Fragments of a Koran dating back at least 1,370 years have been found among the archives of the University of Birmingham.
Radiocarbon analysis, which was carried out in a laboratory at the University of Oxford, has dated the parchment on which the text is written to the period between AD 568 and 645 with 95.4 percent accuracy.
The result places the leaves close to the time of the Prophet Muhammad, who is generally thought to have lived between AD 570 and 632.
Researchers conclude that the Quran manuscript is among the earliest written textual evidence of the Islamic holy book known to survive. This gives the Quran manuscript in Birmingham global significance to Muslim heritage and the study of Islam.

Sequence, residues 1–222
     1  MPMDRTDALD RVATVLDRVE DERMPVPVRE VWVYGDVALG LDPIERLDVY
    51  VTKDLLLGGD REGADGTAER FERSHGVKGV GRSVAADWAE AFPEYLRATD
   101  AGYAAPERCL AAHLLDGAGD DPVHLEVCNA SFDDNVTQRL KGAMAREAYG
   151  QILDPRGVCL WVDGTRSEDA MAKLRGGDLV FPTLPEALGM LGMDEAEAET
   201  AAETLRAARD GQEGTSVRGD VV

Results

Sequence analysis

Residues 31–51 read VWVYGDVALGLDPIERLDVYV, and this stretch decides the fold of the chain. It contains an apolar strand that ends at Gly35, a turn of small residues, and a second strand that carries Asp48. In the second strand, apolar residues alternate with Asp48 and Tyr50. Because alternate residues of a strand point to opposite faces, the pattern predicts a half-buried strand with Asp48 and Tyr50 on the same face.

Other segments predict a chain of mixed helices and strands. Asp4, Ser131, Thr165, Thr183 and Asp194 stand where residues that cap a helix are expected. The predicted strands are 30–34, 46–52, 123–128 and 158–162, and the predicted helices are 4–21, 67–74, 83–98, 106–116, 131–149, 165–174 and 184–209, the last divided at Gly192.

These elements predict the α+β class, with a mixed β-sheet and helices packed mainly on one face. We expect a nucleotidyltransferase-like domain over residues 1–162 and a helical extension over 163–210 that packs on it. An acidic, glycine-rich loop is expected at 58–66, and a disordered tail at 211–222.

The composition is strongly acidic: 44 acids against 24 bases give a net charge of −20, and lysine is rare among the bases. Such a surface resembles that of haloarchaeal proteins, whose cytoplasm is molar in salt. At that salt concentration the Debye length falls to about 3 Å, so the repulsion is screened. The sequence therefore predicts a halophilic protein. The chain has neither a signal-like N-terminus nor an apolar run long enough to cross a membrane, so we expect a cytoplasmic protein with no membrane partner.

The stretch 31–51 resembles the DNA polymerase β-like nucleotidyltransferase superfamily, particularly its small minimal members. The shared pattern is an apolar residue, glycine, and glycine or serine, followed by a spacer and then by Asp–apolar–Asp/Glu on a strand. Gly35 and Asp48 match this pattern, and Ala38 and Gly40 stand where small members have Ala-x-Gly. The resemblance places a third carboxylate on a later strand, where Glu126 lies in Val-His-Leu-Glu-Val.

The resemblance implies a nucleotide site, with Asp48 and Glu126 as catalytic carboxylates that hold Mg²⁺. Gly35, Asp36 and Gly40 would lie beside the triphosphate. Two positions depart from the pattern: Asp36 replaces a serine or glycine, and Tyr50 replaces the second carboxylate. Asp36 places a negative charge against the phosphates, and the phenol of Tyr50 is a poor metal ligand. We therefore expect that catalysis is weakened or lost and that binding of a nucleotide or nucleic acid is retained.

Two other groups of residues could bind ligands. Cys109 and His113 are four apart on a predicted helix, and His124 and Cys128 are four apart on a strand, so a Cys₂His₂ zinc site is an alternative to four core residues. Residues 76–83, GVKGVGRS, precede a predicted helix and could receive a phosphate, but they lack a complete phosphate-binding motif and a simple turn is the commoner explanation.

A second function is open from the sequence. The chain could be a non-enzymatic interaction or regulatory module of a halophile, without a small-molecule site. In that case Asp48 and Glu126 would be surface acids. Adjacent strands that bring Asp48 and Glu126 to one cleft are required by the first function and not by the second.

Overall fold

Susan Worrall, Director of Special Collections (Cadbury Research Library), said that the radiocarbon dating has delivered an exciting result, which contributes significantly to their understanding of the earliest written copies of the Quran.
Worrall added that they are thrilled that such an important historical document is here in Birmingham, the most culturally diverse city in the UK.
Consisting of two parchment leaves, the Quran manuscript, which is part of the University’s Mingana Collection of Middle Eastern manuscripts, is believed to contain parts of Suras (chapters) 18 to 20, written with ink in an early form of Arabic script known as Hijazi.
Worrall added that by separating the two leaves and analysing the parchment, they have brought to light an amazing find within the Mingana Collection.
The manuscript will be on public display at the Barber Institute of Fine Arts, University of Birmingham, from Friday 2 October until Sunday 25 October.